MSc thesis Land Use Planning

The key challenge of the MSc thesis is to set up and carry out a scientific research project individually and in an (almost) fully self-responsible manner. The research program of the Land Use Planning group offers challenging possibilities for MSc thesis research. Within the context of this program you are invited to develop your own thesis proposal in consultation with a thesis supervisor.

Thesis Guidelines
The MSc thesis guidelines Land Use Planning are the main reference for the MSc thesis. The guidelines describe  the common steps and procedures for preparing and organising a MSc thesis Land Use Planning. The main steps in the preparation process, administrative issues and the assessment and grading procedure are explained. The annex of the guidelines provides a checklist of actions and responsibilities, the thesis agreement and the thesis evaluation sheet with assessment rubric. The MSc thesis guidelines can be downloaded with the links at the bottom of this page.

Finding a topic
There are several ways to find a potential topic for your MSc thesis. First of all, the topic can be derived from the research program of the Land Use Planning group. The  research program includes four domains, which are: (a) landscape governance, (b) sustainable food planning, (b) ecological network planning and (d) landscape adaption to climate change. Below some main research topics within these domains are described, but we expect students to develop their own proposal within the context of the research program.

 a)      Landscape Governance
Nowadays, land owners, users and other stakeholders in the landscape take a central position in building visions and organizing interventions to create sustainable and resilient landscapes. New landscape planning approaches are strongly embedded in and related to concepts such as self-governance, community-based planning, landscape services and social-ecological networks. Research in this domain includes topics such as discourse analysis, scaling issues, regional learning processes and ecosystem services.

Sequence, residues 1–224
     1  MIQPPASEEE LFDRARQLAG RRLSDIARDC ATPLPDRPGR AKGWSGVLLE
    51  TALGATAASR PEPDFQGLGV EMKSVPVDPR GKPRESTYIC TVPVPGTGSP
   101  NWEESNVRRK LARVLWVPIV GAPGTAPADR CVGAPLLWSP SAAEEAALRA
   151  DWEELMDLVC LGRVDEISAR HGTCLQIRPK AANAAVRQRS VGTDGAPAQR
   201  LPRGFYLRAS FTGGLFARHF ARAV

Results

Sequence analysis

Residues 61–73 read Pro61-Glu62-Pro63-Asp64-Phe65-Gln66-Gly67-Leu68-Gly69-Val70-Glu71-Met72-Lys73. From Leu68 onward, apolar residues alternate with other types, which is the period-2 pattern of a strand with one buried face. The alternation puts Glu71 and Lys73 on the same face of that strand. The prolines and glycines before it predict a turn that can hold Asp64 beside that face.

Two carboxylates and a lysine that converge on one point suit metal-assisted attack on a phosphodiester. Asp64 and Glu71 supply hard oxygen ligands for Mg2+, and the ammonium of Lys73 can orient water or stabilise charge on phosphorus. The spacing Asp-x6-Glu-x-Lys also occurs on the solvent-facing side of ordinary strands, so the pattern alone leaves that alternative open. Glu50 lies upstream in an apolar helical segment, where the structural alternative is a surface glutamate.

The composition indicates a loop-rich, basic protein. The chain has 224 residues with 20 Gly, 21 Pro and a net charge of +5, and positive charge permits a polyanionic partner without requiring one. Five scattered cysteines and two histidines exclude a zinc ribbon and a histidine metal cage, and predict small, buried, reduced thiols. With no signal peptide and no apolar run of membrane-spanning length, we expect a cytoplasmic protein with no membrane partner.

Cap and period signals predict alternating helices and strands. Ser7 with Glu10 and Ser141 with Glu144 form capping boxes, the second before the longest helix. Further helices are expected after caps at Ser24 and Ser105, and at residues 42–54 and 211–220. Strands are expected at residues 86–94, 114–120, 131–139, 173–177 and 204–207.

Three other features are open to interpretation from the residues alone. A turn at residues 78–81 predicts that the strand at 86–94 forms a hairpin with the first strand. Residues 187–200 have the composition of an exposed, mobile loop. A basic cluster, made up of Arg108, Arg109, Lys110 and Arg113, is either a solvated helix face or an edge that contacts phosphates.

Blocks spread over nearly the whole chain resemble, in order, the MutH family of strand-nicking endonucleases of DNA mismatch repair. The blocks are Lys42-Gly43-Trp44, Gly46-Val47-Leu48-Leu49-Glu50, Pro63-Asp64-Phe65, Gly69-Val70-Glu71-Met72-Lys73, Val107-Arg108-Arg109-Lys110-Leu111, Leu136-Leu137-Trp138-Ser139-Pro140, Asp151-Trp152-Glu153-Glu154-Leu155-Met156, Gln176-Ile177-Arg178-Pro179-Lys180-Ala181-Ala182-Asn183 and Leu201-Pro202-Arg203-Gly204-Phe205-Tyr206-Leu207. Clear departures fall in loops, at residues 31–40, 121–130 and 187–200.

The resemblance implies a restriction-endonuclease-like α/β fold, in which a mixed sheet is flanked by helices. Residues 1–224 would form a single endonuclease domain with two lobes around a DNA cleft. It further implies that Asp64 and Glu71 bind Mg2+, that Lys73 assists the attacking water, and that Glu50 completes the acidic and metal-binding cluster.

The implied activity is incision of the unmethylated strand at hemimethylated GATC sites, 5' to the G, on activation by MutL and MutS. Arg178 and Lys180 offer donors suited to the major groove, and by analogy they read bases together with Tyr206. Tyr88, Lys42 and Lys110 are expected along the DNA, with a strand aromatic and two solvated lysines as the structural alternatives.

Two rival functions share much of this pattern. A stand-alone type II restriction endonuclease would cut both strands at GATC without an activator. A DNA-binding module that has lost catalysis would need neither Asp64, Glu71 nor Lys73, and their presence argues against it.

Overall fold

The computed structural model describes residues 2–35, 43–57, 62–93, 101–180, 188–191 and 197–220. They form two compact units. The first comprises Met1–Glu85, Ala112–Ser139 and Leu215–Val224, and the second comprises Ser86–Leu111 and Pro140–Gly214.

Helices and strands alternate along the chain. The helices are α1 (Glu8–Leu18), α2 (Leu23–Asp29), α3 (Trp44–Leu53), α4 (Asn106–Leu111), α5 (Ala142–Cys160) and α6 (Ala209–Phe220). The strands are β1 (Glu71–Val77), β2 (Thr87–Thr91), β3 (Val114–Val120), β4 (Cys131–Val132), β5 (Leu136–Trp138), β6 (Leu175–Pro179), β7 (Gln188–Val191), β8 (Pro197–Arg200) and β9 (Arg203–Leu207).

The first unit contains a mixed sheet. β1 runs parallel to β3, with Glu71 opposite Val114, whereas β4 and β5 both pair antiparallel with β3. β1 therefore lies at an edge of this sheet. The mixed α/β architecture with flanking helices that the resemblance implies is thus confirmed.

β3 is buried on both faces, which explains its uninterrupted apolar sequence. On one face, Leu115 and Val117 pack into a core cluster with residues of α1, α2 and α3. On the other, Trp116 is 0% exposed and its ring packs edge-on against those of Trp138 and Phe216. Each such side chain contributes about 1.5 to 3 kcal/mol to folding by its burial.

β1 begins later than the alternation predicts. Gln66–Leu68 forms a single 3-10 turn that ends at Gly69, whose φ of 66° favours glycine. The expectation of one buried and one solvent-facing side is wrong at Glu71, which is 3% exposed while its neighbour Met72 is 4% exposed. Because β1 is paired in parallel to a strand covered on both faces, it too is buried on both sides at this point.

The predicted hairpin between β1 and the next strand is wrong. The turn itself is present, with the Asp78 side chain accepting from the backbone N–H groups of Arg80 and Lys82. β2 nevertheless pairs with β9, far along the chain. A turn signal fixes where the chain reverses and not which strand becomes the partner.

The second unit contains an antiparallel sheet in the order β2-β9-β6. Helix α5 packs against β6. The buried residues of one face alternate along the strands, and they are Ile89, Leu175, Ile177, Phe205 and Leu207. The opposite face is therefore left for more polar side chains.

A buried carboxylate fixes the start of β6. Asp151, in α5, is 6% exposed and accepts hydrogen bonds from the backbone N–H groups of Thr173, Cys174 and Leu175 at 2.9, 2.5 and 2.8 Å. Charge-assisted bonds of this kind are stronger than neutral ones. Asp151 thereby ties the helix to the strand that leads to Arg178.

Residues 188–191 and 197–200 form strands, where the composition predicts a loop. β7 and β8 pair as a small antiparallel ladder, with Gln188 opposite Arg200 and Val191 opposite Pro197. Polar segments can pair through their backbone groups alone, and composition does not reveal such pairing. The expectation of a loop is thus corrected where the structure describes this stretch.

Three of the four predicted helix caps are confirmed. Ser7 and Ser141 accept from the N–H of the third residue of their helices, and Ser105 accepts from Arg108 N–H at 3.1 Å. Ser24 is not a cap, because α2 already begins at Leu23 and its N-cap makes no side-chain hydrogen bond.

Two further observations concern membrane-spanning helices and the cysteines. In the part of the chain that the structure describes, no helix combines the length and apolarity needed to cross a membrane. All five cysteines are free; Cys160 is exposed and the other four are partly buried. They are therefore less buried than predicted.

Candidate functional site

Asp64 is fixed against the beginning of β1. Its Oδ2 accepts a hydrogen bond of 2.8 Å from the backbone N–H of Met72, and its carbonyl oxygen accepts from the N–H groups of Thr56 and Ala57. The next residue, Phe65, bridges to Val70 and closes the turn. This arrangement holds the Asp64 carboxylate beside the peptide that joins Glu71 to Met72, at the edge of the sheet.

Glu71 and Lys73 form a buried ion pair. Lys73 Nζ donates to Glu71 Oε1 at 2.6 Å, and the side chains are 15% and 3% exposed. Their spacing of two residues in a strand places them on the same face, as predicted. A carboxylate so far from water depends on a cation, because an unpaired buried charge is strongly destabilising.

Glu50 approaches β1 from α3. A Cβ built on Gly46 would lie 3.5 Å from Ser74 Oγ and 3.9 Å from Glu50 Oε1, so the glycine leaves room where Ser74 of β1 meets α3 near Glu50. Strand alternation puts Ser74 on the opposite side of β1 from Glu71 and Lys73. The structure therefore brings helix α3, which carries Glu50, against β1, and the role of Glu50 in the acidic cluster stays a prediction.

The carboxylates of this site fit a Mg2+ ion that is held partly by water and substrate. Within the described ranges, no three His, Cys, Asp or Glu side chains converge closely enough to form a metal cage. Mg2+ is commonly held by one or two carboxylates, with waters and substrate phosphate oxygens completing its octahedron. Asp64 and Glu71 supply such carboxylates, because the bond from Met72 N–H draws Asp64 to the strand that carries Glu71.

b)      Sustainable Food Planning
Sustainable Food Planning is a rapidly growing domain in planning research. Food is increasingly seen as an issue that can help to develop integral plans as it connects issues like public health, green public space, infrastructure, climate change and food security. Research in this domain addresses a wide range of topics including urban agriculture, food governance, sustainable livestock farming and the landscape impact of food production.

 c)       Ecological Network Planning
Enlarged and connected ecosystems can counteract fragmentation and help species to cope with threats of climate change and intensified land use. In the European Union, large budgets are spent on planning and realization of such enlarged and connected ecosystems. The process of allocating land for this objective is a complex one, as the ecosystem network should be able to provide other services besides the promotion of biodiversity. Topics in this domain include biodiversity assessment, tipping point and regime shifts and land use change modelling.

 d)      Landscape Adaption to Climate Change
Planning plays a key role in the adaptation of landscapes to climate change and the minimization of the relevant risks involved. At a global scale, urbanised deltas are among the most vulnerable areas but also of eminent value from economical, ecological and socio-cultural perspective. Against this background, we adopt a risk-based approach to landscape planning whose aim is identifying effective analytical and normative approaches to the transition of sustainable and climate-resilient landscapes. Topics of research in this domain are, for example, enhancing sustainable energy transitions, flood risk management, integrated water management and urban climate adaptation.

Another option to search for a potential topic is to explore the personal pages of the scientific staff members of the group. These pages show the research interests of individual staff members and the type of scientific publications they work on. If you are interested in the research of one of the staff members, you are free to make an appointment and discuss the options for a MSc thesis topic. Furthermore, potential topics can also be derived from topics and literature that were lectured throughout courses of the Land Use Planning group. In general, the topic of any MSc thesis needs to be embedded in the scientific debate taking place in international scientific journals and books. Finally, the MSc thesis showcase shows some examples of recent MSc thesis reports.